|Following last week’s big drop in mortgage rates, refinance loan applications soared. This week, rates eased just slightly.
The average 30-year fixed-rate mortgage was 5.85%, falling 0.02% from last week’s 5.87%, according to Freddie Mac’s Primary Mortgage Market Survey for the week ending March 27. A year ago, the 30-year averaged 6.16%.
In last week’s survey, the 30-year tumbled 0.26%.
The 15-year fixed-rate averaged 5.34%, Freddie reported, rising 0.07% from the previous week’s 5.27%.
Data from CNNMoney showed that the yield on the 10-year Treasury was 3.50% today, about 14 basis points worse than a week earlier.
Of the 100 mortgage industry panelists surveyed by Bankrate.com for the week ending April 2, 50 believe rates will fall in the next 35 to 45 days, 29 foresee an increase, and 21 expect no change.
The five-year Treasury-indexed hybrid adjustable-rate mortgage had a 5.67% average, climbing from the 5.56% average as of last Thursday, Freddie’s survey indicated.
The average one-year Treasury-indexed ARM was 5.24% in Freddie’s latest survey, climbing nine BPS from a week earlier. The yield on the 1-year Treasury itself was 1.56% yesterday, 23 BPS worse than a week prior, according to U.S. Treasury data.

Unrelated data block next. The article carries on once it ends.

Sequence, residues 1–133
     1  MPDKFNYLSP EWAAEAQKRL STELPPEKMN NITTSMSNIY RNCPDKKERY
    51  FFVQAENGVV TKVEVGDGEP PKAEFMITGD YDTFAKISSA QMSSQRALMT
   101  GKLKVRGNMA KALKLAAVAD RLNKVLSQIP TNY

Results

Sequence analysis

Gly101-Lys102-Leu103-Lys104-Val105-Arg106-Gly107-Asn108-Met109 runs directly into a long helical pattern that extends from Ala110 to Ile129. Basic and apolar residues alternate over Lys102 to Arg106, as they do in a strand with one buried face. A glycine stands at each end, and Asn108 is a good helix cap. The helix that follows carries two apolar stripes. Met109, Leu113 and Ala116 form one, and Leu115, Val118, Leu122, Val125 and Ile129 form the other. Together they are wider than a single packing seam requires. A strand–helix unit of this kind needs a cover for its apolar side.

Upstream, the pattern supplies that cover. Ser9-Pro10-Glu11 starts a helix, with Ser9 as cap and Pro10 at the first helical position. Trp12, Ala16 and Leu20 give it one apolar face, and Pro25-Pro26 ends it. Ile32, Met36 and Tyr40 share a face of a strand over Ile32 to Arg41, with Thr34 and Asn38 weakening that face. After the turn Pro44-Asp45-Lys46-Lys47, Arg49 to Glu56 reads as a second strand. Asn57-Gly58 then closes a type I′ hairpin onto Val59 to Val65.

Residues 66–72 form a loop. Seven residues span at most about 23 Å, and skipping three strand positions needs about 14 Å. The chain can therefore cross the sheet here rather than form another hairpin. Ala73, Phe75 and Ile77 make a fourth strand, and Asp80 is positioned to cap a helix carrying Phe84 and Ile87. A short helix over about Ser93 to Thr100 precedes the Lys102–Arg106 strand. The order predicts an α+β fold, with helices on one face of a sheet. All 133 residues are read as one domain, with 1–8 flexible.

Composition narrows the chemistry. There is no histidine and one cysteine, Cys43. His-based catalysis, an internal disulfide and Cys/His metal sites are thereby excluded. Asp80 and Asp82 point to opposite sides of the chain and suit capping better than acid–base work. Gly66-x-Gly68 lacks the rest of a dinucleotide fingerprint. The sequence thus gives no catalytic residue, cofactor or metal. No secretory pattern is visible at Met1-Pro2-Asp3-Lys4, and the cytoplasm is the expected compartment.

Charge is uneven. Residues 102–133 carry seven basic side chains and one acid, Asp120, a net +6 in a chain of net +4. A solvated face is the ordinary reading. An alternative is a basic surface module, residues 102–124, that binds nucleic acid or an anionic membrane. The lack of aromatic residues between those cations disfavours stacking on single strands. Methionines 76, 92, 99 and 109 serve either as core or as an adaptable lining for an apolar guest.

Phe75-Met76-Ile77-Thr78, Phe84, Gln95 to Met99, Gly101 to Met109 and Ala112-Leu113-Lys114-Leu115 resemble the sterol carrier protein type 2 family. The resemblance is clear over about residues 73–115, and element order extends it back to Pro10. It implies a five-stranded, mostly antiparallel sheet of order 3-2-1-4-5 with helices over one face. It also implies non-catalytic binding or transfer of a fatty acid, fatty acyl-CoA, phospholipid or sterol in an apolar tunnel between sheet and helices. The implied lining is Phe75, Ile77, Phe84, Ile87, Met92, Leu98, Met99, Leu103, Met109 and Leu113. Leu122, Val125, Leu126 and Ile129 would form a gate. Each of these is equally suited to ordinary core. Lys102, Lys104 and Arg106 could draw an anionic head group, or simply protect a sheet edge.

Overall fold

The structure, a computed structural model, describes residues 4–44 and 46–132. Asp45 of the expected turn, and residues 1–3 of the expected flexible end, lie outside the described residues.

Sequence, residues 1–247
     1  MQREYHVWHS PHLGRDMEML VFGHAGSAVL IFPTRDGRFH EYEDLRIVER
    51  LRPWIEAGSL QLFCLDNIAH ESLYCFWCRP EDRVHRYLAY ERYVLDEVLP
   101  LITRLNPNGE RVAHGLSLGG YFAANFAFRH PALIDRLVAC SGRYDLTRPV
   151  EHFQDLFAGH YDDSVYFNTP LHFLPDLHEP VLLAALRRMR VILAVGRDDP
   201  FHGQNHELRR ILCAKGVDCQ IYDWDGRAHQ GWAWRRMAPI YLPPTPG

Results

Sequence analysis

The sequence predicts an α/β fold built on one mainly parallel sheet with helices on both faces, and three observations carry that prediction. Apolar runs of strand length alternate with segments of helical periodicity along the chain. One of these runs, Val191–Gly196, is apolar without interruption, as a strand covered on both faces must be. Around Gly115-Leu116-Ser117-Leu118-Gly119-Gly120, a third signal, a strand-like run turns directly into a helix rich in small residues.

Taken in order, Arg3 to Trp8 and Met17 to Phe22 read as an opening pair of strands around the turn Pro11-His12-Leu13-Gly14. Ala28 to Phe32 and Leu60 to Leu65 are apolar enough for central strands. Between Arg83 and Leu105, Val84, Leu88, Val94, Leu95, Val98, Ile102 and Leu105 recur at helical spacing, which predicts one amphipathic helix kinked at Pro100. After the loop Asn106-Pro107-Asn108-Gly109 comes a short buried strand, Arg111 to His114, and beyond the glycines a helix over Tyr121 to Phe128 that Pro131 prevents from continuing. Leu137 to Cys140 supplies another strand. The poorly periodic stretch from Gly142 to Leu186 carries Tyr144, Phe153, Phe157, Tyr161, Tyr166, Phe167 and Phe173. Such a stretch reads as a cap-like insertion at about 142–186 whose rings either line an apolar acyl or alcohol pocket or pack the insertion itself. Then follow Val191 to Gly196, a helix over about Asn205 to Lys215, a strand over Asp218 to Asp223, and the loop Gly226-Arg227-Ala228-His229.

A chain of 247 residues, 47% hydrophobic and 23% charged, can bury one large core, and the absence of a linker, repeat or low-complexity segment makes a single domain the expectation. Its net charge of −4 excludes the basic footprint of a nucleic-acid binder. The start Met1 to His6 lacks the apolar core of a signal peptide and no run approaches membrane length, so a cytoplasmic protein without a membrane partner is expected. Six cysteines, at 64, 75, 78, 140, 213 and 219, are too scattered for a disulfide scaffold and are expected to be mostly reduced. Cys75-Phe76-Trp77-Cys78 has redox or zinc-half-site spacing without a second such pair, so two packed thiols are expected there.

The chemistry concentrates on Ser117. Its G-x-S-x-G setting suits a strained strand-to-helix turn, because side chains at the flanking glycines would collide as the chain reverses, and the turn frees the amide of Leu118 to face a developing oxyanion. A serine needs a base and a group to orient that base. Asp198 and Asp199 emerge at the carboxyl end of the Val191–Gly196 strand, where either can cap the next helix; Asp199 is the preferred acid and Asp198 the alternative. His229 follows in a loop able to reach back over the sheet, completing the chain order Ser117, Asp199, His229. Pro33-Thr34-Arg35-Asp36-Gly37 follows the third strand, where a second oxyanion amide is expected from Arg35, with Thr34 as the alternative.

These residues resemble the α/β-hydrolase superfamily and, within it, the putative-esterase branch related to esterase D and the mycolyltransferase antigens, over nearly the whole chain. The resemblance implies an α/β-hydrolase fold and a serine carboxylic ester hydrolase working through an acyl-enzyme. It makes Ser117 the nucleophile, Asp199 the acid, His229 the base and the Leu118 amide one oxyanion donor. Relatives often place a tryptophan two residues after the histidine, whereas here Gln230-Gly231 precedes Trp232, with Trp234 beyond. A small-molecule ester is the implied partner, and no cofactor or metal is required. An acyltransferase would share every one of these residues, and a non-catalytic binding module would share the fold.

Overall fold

The six-month London Interbank Offered Rate, another ARM index, was 2.63% Thursday, up from 2.38% a week prior, Bankrate.com said.
ARM share of mortgage applications fell to 4% from the previous week’s 8% in the Mortgage Bankers Association’s Weekly Mortgage Applications Survey for the week ending March 21.
Loan applications increased on all fronts, MBA’s survey indicated. Refinance applications, fueled by the big drop in fixed rates last week, jumped 82%. The refinance share of mortgage activity rose to 62% of total applications from 50% the week prior.
Purchase applications rose 11% over the prior seven days, while government loan applications saw an increase of 10%. The latest Market Composite Index was 965.9, jumping 48% from last week’s 652.0.
Natalie Merrill is a staff writer for MortgageDaily.com with a Journalism degree from Southern Methodist University.
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